You’ve received an offer for an in-house role – congratulations! You have probably been interviewing for months (we understand how long an in-house job search can take) and with an offer now in hand, you feel an instant sense of relief. Unfortunately, that relief is too quickly stifled as you start looking over the compensation details.
Considering a job offer is challenging. And perhaps the most overwhelming situation is when you are first moving in-house from a law firm position. At most law firms, compensation is composed of base salary + year-end bonus + a 401k match (maybe). Cash is king when you are at a law firm and it can be difficult to change that mindset. DON’T FREAK OUT. Take a deep breath and look at the entire offer.
- Bonuses– Unlike law firms, where bonuses can be lockstep or hours-based, corporate bonuses are often tied to company and personal performance. Make sure to ask how bonuses have been paid out over the past few years. An in-house bonus will usually be a percentage of your base compensation. Many companies pay out full bonuses and, in good years, may pay out even more than promised.
- Long-Term Incentives– Companies may offer some type of long-term incentive. This can be in the form of more cash or stock options. These often have specific vesting programs (anywhere from 2 – 5 years). Depending on the type of incentive the company is providing, this can add up to significant additional compensation.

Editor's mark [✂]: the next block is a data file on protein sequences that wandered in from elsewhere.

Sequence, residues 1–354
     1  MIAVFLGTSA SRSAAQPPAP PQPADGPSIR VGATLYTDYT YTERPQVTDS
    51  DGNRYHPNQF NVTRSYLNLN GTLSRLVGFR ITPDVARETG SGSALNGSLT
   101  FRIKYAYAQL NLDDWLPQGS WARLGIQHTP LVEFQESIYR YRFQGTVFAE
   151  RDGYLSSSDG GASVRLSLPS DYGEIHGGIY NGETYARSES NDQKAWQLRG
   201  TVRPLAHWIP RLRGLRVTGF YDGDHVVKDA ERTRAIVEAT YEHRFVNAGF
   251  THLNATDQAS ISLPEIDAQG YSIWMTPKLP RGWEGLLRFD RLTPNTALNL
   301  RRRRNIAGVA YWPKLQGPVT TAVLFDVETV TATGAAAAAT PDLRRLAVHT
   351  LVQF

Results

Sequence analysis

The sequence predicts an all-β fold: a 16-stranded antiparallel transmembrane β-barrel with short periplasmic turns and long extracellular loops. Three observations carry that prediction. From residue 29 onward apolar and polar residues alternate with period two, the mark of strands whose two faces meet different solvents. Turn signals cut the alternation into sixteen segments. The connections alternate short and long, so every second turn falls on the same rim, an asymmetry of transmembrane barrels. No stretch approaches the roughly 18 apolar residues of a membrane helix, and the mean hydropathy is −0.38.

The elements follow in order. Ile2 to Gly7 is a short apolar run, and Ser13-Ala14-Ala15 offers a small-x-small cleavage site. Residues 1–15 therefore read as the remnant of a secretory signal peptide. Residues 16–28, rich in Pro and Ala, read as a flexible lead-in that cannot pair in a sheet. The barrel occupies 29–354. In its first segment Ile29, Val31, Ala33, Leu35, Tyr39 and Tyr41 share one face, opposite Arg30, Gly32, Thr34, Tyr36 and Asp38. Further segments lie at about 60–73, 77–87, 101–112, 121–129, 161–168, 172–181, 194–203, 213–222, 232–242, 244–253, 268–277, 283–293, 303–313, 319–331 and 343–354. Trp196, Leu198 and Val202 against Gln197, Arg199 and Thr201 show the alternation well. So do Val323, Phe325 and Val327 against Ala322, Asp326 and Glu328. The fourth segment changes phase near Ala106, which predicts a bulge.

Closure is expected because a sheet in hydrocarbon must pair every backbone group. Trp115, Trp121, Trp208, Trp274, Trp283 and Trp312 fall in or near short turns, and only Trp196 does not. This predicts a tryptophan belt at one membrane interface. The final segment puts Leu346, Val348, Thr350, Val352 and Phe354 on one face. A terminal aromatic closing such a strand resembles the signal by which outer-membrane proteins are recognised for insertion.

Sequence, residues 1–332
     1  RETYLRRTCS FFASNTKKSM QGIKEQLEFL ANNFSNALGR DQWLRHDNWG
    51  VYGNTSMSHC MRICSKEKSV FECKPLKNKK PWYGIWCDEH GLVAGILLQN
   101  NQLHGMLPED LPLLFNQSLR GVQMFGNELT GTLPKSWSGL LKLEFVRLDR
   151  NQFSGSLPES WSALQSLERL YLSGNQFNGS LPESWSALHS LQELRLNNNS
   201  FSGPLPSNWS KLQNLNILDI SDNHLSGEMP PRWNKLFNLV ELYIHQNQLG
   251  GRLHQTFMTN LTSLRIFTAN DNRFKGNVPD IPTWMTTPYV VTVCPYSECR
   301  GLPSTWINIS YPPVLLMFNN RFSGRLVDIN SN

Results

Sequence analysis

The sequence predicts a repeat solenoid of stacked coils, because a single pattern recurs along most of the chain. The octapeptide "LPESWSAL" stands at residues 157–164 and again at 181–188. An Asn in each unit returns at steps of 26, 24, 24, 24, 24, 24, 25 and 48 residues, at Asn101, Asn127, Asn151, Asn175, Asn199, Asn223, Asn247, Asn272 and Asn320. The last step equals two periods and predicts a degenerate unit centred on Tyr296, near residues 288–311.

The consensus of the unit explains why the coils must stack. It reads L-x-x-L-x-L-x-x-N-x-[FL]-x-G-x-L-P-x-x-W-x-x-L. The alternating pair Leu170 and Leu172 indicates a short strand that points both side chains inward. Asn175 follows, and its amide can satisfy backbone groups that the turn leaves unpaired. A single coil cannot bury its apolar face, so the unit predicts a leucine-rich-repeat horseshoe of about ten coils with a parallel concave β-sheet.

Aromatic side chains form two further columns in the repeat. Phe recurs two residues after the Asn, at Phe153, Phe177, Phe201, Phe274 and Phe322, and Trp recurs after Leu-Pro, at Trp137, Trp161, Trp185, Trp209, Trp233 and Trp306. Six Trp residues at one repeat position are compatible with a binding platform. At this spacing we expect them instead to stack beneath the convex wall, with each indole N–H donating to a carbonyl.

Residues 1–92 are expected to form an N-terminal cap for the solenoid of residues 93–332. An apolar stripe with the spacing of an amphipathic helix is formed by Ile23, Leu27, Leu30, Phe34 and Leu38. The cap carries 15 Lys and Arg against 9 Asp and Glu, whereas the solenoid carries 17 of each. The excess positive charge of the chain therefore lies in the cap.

- Pensions– Yes, some companies still offer funded pensions. Like long term incentives, pensions generally have a strict vesting period. The longer you are with the company, the more your pension grows.
- Car Allowance– Yep, some companies still provide this! Make sure you read all the fine print to determine how the allowance works. Programs can include mileage and/or gas reimbursement, or even a company-leased car.
- Insurance– While law firms generally provide health insurance to full-time employees, the cost to the employee can vary greatly. Companies will often cover the premiums for their employees (and, more rarely, their entire family), which can be a significant benefit. Companies may also offer dental, vision, life and disability insurance that is more generous than what most law firms provide.
- 401k (or equivalent)– While most law firms offer these, make sure to look at the matching contribution provided by your new employer. This can add up to be another source of additional income that you don’t immediately notice.
- PTO– Yes, that is likely a new concept for a law firm attorney. Many companies offer “Paid Time Off.” Days you are not in the office and still get paid. Make sure to see if these days will roll over from year to year. In the same vein, if your new employer observes bank holidays, you will have additional paid days off as well.
Navigating the nitty-gritty details of a job offer can be difficult. However, taking the time to look at the whole offer, and not just base compensation, may uncover a more generous and enticing package than you thought.